The final two spots in the opening day bullpen went to 21-year-old Erasmo Ramirez and 25-year-old Lucas Luetge, who was picked in the Rule 5 draft in December from the Milwaukee organization. Ramirez, a short right-hander with good command, was a starter in the minors, but the M’s believe he can get Major League hitters out now, so he’ll get his feet wet out of the ’pen to start the year. It’s expected that the left-handed Luetge will see most of his action in middle relief, but could get some situational work against left-handed hitters. Two right-handers who spent time with the M’s late last year, Chance Ruffin and Steve Delabar, are expected to start the season at Triple-A Tacoma, but will be the first call-ups in the event of injuries or poor performance from members of the big-league ’pen.
Miguel Olivo led the Mariners in home runs (19) and RBI (62) in 2011, but also posted a .253 on-base percentage, one of the lowest OBPs among regular players in the last hundred years. The hacktastic Olivo isn’t much better on defense—just as he did in his first stint with the M’s in 2004-05, Olivo had problems catching the ball, making eleven errors and adding eleven passed balls. Thanks to the offseason acquisition of John Jaso from Tampa Bay, Olivo isn’t likely to start 120 games behind the dish as he did in ’11. Jaso, a rare left-hand-hitting catcher, is almost the polar opposite of Olivo. He has good on-base skills, but hasn’t shown much power in his two full seasons in the bigs. The big debate regarding 22-year-old Jesus Montero isn’t whether he’ll be a good hitter, it’s whether he’ll stick as a catcher or be shifted to DH or first base. Some baseball experts are certain he won’t pan out behind the plate, while others point to Mike Piazza as a good-hitting backstop who made himself an adequate catcher with lots of hard work. For now, the M’s are claiming that Montero will get every chance to develop as a catcher. If that should happen, look for the M’s to trade the 33-year-old Olivo in midseason.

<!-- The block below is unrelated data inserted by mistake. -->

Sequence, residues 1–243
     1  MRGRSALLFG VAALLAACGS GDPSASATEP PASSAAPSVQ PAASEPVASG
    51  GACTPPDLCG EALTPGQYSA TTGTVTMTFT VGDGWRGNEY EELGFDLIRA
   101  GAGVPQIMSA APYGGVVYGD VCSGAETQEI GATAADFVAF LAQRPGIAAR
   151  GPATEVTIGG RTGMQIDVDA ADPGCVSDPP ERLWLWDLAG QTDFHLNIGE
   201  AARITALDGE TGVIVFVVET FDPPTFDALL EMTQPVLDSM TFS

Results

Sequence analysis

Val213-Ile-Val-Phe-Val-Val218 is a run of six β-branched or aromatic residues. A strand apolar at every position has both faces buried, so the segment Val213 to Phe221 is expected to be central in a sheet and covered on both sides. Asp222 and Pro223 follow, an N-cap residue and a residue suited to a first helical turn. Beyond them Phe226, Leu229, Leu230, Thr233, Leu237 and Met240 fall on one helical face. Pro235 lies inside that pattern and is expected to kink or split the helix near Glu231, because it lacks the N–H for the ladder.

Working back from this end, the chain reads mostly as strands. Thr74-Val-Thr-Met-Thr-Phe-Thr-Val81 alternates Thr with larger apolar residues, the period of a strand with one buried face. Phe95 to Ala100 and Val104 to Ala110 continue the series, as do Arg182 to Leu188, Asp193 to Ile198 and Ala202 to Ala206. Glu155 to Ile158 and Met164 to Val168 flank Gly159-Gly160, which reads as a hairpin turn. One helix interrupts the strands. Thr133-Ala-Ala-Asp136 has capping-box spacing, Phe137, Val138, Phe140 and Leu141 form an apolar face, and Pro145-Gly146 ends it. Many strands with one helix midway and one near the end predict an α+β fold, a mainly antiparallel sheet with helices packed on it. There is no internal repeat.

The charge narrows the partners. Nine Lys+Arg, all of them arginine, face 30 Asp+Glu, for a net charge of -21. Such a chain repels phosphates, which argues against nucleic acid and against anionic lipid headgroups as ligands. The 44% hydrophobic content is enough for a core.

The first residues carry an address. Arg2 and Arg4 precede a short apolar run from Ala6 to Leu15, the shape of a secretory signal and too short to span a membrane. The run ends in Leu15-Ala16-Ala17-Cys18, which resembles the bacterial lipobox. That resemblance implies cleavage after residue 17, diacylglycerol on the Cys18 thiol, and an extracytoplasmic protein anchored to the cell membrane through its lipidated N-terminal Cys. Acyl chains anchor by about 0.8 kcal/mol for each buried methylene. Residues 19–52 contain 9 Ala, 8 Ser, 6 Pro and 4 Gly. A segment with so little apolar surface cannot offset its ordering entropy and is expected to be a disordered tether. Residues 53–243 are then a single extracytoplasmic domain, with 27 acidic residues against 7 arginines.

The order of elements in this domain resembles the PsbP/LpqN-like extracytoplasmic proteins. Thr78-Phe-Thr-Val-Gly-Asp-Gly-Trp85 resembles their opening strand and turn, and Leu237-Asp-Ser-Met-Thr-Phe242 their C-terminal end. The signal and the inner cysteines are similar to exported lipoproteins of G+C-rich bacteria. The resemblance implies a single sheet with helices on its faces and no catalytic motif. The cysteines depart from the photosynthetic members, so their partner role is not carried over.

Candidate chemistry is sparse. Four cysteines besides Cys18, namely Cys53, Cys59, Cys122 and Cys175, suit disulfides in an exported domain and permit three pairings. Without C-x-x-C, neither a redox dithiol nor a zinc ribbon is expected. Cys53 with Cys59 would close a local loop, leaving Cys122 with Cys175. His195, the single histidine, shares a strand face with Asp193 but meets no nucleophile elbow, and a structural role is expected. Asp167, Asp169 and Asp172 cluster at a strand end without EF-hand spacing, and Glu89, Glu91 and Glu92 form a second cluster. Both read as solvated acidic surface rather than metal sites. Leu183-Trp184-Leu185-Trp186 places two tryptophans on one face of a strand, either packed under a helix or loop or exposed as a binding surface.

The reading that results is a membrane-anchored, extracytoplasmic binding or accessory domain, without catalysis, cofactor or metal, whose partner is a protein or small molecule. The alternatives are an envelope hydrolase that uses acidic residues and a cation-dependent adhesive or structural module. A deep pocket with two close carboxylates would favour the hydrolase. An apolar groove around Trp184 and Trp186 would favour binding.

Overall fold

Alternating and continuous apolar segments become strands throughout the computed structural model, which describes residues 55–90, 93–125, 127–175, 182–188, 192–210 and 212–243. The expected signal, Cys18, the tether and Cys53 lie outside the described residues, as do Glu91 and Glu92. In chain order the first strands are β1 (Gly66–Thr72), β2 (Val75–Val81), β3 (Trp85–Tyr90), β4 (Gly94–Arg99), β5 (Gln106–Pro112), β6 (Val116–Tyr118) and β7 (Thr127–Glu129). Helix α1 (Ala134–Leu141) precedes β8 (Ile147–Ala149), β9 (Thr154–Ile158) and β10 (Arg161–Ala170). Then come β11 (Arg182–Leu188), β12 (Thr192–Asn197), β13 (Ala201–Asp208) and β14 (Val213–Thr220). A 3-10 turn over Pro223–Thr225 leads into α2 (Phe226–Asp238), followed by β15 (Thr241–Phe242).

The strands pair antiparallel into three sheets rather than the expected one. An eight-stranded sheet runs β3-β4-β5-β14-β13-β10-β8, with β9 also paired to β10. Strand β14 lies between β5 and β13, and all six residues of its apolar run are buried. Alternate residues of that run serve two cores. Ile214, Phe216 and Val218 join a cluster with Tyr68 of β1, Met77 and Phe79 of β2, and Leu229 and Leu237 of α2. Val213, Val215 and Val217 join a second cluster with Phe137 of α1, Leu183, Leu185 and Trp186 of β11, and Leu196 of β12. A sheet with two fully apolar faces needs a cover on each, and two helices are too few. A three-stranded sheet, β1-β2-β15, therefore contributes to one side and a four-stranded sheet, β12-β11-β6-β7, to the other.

Justin Smoak’s 2011 season was a struggle—he hit just .234 with 15 home runs and 55 RBI in his first full Major League season. While some point to the death of his father in April as a turning point in his season, it’s more likely that a thumb injury suffered in June was the cause of his hitting woes; after missing a week to attend the funeral and spend time with family, he hit home runs in his first two games back with the team and batted .351 in his first ten games back. The Mariners admitted later that they covered up the thumb injury so opposing pitchers wouldn’t take advantage, but the team would have been wise to keep Smoak out of the lineup and let the injury heal. The injury sapped his power—he didn’t hit a single home run for a period of two months—and he batted .130 from June to August. Healthy now and with better lineup protection from Montero and Mike Carp, look for Smoak to put up the numbers that were expected of him when he was acquired from Texas in mid-2010.